A former DUP member who has worked closely with Mr Poots but is not a hardliner said that despite the Lagan Valley MLA’s innate conservatism, he was not as wholly in the traditionalist camp as widely perceived by many Stormont observers.
He said: “I have sat in meetings with Edwin Poots where he was most malleable and politically astute person in the room.
“If he was leader, I think he could have sold the Irish language act better than Foster.”
One of those who signed the letter to remove the DUP leadership said that one of the sources of “disgruntlement” was that there had been no leadership election – as the party’s rules demand – last year because of the pandemic, and with a leadership election mandated by the rules to occur by today, there had been no talk of even a box-ticking exercise, let alone a real contest.
The individual said: “What’s the point of having rules if you’re not adhering to them yourself? That was a manifestation of the drift.”
The politician said that the procedure for removing Mrs Foster was “harsh” but necessary.
In a video posted on Twitter and Facebook at tea time yesterday, Mr Poots said: “I am a proud Northern Ireland man, I love its people and its place, and it faces many challenging times. It’s with that in mind, I’m putting my name forward for the leadership for the Democratic Unionist Party.”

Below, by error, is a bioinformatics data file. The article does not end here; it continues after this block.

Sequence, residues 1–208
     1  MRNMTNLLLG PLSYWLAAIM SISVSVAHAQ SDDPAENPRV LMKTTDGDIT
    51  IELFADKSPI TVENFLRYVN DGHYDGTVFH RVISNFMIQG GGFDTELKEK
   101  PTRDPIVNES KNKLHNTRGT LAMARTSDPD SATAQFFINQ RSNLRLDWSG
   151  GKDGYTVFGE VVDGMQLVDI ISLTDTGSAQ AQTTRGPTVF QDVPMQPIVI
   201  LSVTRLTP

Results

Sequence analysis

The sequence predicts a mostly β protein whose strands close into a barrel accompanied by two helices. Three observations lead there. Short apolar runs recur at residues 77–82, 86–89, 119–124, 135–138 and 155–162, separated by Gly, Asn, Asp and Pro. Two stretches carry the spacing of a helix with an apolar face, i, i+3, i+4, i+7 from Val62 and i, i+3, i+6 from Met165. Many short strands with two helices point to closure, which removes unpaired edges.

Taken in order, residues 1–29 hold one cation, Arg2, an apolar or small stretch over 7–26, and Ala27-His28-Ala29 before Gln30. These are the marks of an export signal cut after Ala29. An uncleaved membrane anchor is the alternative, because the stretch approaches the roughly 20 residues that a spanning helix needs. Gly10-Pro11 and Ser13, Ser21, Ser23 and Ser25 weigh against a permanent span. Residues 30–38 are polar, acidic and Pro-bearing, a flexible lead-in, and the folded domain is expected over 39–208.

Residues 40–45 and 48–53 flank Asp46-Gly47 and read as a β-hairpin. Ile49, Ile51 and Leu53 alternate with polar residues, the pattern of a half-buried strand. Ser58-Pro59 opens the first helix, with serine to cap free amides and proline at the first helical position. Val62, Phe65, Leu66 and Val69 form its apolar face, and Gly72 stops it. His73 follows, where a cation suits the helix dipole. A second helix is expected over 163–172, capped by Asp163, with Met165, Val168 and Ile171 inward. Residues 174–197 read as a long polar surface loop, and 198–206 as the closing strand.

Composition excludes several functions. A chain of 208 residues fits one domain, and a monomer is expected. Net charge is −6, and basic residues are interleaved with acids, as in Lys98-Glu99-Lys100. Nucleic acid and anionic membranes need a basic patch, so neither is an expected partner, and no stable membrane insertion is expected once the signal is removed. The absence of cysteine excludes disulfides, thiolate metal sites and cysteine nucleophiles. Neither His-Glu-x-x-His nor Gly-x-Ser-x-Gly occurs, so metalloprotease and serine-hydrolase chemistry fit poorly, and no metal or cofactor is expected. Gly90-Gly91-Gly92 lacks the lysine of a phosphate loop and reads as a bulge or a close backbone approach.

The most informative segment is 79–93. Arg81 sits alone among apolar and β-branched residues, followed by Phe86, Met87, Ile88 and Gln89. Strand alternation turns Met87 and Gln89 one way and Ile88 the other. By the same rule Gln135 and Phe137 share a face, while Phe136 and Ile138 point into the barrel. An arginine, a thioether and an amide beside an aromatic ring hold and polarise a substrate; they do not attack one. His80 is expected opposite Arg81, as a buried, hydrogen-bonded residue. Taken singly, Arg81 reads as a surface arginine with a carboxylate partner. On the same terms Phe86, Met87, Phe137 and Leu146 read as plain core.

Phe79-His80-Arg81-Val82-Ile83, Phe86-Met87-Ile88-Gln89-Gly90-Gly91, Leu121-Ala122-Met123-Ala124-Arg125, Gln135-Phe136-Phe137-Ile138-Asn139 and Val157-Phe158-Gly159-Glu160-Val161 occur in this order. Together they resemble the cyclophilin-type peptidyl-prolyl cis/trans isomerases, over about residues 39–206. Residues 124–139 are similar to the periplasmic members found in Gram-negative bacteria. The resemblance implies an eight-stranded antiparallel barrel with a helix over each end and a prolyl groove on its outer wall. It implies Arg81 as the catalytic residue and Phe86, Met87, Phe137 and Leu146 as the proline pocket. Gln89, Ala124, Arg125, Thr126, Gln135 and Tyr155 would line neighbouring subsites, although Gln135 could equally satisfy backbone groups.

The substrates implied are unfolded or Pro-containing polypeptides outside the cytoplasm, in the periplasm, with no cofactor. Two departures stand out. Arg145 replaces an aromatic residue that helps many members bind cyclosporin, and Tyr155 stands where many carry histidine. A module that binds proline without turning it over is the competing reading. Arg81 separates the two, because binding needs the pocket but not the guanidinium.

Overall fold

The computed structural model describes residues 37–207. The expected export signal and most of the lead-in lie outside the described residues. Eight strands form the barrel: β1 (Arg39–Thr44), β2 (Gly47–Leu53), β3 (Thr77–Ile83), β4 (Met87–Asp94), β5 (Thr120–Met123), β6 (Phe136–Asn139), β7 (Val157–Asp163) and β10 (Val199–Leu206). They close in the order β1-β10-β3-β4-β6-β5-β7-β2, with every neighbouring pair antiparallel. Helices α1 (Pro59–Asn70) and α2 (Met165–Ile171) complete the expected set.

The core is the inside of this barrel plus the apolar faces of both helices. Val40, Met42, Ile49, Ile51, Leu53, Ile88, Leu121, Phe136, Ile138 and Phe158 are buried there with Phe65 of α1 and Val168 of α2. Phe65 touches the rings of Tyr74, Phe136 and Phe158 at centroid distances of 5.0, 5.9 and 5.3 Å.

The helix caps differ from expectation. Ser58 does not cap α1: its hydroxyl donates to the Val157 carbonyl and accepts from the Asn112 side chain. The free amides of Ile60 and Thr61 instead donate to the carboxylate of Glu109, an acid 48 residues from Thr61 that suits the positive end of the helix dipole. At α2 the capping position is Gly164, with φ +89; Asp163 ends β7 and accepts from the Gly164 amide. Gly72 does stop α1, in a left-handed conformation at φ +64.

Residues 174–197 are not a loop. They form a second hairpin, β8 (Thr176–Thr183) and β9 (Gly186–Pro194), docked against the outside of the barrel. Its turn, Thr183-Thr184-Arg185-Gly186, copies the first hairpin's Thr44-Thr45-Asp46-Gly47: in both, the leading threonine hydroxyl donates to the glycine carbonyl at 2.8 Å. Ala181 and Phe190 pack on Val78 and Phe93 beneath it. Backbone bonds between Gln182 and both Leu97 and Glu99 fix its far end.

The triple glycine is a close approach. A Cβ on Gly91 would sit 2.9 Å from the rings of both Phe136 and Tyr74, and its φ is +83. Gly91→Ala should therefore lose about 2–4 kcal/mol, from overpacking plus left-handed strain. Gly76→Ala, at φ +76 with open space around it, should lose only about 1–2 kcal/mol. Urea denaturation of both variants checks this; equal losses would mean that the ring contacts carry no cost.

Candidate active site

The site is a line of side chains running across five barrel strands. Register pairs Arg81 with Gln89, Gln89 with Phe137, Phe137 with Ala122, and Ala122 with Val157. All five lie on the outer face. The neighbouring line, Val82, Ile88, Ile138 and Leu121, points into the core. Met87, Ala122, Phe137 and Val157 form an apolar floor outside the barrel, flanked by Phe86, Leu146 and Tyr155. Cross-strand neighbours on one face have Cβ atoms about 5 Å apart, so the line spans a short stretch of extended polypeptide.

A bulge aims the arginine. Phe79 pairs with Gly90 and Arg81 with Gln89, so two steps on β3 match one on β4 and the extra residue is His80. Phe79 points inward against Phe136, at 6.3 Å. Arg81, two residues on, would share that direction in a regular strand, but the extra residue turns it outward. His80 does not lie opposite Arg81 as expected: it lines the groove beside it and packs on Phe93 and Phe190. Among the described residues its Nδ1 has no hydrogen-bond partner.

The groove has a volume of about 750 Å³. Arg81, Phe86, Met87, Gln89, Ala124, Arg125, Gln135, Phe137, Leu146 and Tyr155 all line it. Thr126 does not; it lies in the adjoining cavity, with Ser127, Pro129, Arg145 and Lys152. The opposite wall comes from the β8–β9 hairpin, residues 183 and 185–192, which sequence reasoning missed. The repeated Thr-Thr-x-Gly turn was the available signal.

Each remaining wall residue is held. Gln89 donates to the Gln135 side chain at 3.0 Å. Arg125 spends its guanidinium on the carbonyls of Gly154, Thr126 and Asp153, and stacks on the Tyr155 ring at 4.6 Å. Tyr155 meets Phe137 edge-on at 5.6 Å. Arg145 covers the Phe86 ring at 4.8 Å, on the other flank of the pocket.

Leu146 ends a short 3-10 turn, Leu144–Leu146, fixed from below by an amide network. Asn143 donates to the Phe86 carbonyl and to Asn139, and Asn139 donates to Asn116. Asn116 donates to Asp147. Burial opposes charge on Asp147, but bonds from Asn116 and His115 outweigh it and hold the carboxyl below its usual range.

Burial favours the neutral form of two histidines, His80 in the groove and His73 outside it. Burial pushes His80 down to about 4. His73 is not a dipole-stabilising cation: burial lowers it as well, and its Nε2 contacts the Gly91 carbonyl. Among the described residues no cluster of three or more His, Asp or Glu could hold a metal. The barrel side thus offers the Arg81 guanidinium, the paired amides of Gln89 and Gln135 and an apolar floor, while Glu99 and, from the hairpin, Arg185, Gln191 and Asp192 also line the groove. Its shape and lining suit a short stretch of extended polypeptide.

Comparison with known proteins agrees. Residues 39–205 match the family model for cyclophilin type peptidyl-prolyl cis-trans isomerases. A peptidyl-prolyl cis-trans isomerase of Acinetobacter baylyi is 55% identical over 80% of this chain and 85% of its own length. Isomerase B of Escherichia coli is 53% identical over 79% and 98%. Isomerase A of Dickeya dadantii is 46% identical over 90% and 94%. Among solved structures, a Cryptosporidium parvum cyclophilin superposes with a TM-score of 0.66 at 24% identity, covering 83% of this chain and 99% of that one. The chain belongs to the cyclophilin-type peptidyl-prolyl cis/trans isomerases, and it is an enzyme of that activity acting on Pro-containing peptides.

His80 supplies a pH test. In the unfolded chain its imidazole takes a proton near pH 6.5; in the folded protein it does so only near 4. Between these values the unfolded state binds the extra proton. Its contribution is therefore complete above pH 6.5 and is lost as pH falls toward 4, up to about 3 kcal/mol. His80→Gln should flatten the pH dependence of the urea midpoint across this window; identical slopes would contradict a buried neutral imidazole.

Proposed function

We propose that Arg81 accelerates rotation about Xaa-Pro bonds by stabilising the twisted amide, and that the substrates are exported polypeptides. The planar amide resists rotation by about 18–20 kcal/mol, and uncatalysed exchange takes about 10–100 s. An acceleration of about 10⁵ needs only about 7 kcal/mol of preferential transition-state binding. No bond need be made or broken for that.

Significantly, Mr Poots indicated that he wants a public campaign – ground-breaking territory for the DUP, which has never had an electoral contest in its 50-year history.
He said: “I look forward to the engagement and the debate with colleagues and the wider public in this contest.
“Northern Ireland is a place that has had many great things over this last hundred years, I wish to see us rebuild, revitalise, reinvigorate and revive for the next hundred.”
Despite his desire for an open contest, it is not yet clear if Mr Poots will face a rival. Last night there was still no hint of another candidate declaring their hand.
Mr Poots’ Lagan Valley colleague Sir Jeffrey Donaldson, the DUP’s Westminster leader, is widely seen within the party as the most serious alternative to Mr Poots.
It is also not yet clear how the contest will be run, nor in what time frame. DUP chairman Lord Morrow, who is expected to have a key role in the process, was due to fly back into Northern Ireland last night after spending several days in London.
While Mrs Foster had been under mounting pressure from disgruntled DUP supporters for months, and the News Letter reported on Tuesday morning about the growing discontent within her party, the speed with which she was toppled appears to have caught some senior figures by surprise, and that may explain the delay in another candidate being announced.
Mrs Foster was back at her desk yesterday as she co-chaired a meeting of the Stormont Executive.
On Wednesday, she made clear that she plans to stay in post as DUP leader until May 28 and as first minister until the end of June.
l Morning View, page 16